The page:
For My Grandmother Knitting by Liz Lochhead is a six-stanza poem that utilizes repeated wording, a lack of punctuation, a distinct choice of perspective, and simplistic ideas of history to showcase the story of a grandmother who has a goal to remain useful in the modern world. While those around her might feel that her actions are “[un]necessary” given the limitations her physical abilities have endured through the aging process, she hides her discomfort and continues with her contributions in a deeply-rooted determination to be useful.
The phrasing echoes the sentiment that she cannot help herself in this regard any more than the younger generation can help not understanding her mentality. No matter how much that younger generation assumes her contributions do not matter in the literal sense of what her knitting products are, those products mean much more to the grandmother since they are her method of catering to those she loves. She needs to be useful, and she will continue.
For My Grandmother Knitting Analysis
There is no need they say
but the needles still move
their rhythms in the working of your hands
as if your hands
were once again those sure and skilful hands
of the fisher-girl.
The first stanza dives into the narrative of the poem without giving any kind of introduction in regard to who is being discussed, which immediately creates a disconnect between the reader and the plot. Since there is no statement about this introductory information, the reader must infer who is being addressed by the title, and that person is the grandmother. In addition, no specific information is given about what her “hands” are doing, and the reader must again infer that the activity is knitting from the title.
This approach mirrors the disconnect between generations that is referenced within the first line of the stanza when the narrator declares that “[t]here is no need they say” for the action that is being undertaken. Despite the more modern concept that no “necessary” place exists for the craft being undertaken, the grandmother still knits without a care for the disregard that is granted to the practice from the younger generation, and the younger generation does not understand why the grandmother is knitting. Both sides are at a loss in connection to the other’s mentality, and the lack of information being given to the reader is a parallel of that separation in thought. Another quality the poem showcases that mirrors that disconnect is the lack of punctuation throughout the poem, as is evidenced in this first stanza since it creates an unorganized confusion.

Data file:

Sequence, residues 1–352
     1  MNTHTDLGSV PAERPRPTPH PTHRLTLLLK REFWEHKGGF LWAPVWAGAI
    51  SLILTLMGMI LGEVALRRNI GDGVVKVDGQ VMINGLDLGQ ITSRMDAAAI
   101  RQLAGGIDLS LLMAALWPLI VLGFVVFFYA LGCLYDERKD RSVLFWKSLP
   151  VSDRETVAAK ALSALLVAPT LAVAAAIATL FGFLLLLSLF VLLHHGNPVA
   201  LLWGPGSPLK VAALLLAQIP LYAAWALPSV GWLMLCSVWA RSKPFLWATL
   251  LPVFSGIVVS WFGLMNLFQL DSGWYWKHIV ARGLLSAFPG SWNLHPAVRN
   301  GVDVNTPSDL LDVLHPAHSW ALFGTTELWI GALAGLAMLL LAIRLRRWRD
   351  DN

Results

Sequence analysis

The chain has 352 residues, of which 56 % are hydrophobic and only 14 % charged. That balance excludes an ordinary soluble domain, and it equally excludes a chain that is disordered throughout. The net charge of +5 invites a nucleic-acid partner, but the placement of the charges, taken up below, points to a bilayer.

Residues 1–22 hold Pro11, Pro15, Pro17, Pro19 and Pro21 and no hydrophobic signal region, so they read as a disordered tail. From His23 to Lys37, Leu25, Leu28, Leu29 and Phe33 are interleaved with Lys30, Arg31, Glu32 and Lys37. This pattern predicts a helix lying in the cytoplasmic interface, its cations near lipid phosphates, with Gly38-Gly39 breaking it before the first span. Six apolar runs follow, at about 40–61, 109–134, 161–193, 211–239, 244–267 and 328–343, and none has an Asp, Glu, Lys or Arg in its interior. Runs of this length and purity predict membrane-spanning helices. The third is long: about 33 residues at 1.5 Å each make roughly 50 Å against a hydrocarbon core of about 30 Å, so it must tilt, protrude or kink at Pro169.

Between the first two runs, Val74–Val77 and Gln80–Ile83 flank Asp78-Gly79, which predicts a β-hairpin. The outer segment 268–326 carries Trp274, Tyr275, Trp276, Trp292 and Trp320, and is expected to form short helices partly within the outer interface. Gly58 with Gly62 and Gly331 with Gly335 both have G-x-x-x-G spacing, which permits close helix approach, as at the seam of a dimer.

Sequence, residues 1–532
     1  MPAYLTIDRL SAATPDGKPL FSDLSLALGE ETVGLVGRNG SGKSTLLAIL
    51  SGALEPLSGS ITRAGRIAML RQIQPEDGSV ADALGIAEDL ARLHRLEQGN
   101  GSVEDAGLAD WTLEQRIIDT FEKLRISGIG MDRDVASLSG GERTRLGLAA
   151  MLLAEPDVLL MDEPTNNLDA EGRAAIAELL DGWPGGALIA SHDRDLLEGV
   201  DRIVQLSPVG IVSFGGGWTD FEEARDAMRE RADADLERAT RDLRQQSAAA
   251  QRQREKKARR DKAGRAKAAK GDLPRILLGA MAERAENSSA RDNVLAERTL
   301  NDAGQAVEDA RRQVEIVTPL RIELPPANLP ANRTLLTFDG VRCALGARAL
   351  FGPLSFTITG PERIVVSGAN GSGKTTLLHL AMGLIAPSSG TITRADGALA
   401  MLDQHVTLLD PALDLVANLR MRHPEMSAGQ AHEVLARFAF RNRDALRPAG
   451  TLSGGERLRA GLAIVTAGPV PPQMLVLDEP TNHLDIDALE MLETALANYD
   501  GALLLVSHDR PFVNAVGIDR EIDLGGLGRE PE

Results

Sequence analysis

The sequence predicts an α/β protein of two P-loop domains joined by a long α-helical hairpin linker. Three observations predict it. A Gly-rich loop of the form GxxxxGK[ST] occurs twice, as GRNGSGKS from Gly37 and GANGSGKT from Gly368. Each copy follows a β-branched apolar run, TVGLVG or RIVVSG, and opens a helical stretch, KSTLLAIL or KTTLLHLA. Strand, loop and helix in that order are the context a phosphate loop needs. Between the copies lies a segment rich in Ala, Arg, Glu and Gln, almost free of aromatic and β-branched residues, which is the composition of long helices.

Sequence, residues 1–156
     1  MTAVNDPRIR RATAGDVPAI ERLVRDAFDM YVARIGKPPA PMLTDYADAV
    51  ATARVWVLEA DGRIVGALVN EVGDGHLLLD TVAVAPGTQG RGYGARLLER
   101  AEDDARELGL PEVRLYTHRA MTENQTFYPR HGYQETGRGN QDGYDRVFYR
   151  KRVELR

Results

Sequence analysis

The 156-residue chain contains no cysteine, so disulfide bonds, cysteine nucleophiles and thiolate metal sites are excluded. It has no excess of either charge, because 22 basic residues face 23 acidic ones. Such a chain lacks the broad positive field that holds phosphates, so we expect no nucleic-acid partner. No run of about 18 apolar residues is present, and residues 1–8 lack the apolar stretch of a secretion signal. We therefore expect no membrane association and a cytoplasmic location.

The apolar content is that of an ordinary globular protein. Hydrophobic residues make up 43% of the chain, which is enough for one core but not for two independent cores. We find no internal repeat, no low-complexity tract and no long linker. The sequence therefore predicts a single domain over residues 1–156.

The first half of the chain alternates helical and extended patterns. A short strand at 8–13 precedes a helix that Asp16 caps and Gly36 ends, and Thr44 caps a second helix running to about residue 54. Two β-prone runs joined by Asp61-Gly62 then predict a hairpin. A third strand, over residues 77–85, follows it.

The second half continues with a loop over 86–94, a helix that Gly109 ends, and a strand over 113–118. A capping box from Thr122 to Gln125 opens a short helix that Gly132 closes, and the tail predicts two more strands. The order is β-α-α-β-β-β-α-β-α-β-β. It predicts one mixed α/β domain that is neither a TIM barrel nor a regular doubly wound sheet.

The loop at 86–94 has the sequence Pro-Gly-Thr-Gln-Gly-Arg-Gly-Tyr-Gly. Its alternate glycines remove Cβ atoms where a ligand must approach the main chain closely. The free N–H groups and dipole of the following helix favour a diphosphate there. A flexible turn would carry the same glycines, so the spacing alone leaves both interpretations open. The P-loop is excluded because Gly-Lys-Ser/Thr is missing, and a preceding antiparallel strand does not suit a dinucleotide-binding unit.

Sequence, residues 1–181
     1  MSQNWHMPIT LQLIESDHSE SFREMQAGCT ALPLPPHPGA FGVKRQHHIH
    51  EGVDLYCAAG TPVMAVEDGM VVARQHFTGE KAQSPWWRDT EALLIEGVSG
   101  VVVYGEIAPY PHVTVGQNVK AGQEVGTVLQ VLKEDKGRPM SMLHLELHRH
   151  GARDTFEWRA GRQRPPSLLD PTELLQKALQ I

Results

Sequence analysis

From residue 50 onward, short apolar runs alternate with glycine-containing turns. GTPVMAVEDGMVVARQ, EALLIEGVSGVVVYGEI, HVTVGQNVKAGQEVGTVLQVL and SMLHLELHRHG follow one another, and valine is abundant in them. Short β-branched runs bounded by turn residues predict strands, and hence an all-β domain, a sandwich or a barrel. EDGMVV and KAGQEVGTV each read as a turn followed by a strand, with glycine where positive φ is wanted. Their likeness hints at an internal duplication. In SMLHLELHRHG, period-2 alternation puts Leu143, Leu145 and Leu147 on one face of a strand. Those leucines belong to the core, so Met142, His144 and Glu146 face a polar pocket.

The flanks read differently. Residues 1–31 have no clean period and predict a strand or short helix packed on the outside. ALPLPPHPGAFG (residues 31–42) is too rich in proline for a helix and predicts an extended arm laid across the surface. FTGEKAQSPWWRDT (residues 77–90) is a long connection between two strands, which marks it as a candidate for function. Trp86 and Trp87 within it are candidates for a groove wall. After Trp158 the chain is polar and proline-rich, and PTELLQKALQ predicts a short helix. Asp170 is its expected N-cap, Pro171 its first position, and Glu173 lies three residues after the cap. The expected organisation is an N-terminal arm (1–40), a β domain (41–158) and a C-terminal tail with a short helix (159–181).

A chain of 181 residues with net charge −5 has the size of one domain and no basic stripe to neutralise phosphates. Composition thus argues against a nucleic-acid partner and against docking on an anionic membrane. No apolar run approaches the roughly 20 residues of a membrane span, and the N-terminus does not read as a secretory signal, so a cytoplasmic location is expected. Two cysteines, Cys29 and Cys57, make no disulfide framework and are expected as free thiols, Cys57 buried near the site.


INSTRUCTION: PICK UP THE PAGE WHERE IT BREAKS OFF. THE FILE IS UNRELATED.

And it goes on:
What the reader can physically note, however, is that the grandmother has been involved with “fish[ing],” and even though she is aged, she is still competent with knitting. The “rhythms in the working of [her] hands” are “as eas[y] as if [her] hands were once again those sure and skilful hands” she once had. This hints that her “hands” are not as steady and youthful as they once were, but she is still capable of successfully knitting. It is also noteworthy that “skilful” is misspelled, which represents that she is not as capable as she once was in knitting, but what she is currently capable of is sufficient to be understood. Just as “skilful” is missing a letter but is still recognizable, the abilities the grandmother has lost over time affect the final version of the products, but not so much as to make those products completely unfitting. There is value there, even if the results have changed.
You are old now
and your grasp of things is not so good
but master of your moments then
deft and swift
you slit the still-ticking quick silver fish.
Hard work it was too
This stanza continues with the limited punctuation to address the disconnect between the generations, and it deals more with the history of the grandmother. Like the first stanza, the narration of this section highlights the grandmother’s lessened abilities through age since her “grasp of things is not so good,” and once more, the reference to her history is strengthened by her dealings with “fish.” This time, however, the action of the “slit[ting]” of the “fish” is referenced as a specific action from her past. By stating this element of “fish[ing,]” the reader now knows she was not just involved with something as knitting-related as creating nets. Rather, her “hands” were strong enough to “master” something as “necessary” as preparing food.
In the end, this “necessity” is the key element being solidified to the reader since the knitting has thus far been treated as “[un]necessary,” which addresses yet another element of the disconnect between the generations. Back in her younger days, the grandmother’s actions were treated as “[h]ard work” and a “necessity,” but modern people treat them as not “need[ed].”
But now they say there is no need
as the needles move
in the working of your hands
once the hands of the bride
with the hand-span waist
once the hands of the miner’s wife
who scrubbed his back
in a tin bath by the coal fire
once the hands of the mother
of six who made do and mended
scraped and slaved slapped sometimes
The usefulness of the grandmother’s “hands” is expanded in regard to her past experiences beyond the “fish[ing]” principle as the narrator takes the reader through a series of applications and tasks those “hands” have had. Specifically, she has “scrubbed [her husband’s] back” and “mended” materials for her “six” children over the years. Beyond these designated tasks, the narration explains general elements of the grandmother’s life. She was a “miner’s wife” and “the bride with the hand-span waist.” Overall, this stanza is the one that takes the reader deeply into the grandmother’s history to show how significant she was in her earlier years—that she was “necessary.”